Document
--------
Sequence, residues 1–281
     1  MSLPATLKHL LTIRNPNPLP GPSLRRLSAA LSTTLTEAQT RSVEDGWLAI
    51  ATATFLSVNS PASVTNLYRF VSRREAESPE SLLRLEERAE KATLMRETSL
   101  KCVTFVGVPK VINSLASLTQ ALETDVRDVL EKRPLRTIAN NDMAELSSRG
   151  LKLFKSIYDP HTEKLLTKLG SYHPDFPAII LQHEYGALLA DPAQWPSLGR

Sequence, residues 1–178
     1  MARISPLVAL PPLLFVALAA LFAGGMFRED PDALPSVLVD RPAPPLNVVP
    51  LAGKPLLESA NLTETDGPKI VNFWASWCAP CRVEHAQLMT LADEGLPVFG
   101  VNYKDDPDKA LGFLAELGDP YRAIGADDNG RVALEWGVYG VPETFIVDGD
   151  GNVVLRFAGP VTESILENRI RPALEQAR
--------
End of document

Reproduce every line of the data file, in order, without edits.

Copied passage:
Sequence, residues 1–281
     1  MSLPATLKHL LTIRNPNPLP GPSLRRLSAA LSTTLTEAQT RSVEDGWLAI
    51  ATATFLSVNS PASVTNLYRF VSRREAESPE SLLRLEERAE KATLMRETSL
   101  KCVTFVGVPK VINSLASLTQ ALETDVRDVL EKRPLRTIAN NDMAELSSRG
   151  LKLFKSIYDP HTEKLLTKLG SYHPDFPAII LQHEYGALLA DPAQWPSLGR

Sequence, residues 1–178
     1  MARISPLVAL PPLLFVALAA LFAGGMFRED PDALPSVLVD RPAPPLNVVP
    51  LAGKPLLESA NLTETDGPKI VNFWASWCAP CRVEHAQLMT LADEGLPVFG
   101  VNYKDDPDKA LGFLAELGDP YRAIGADDNG RVALEWGVYG VPETFIVDGD
   151  GNVVLRFAGP VTESILENRI RPALEQAR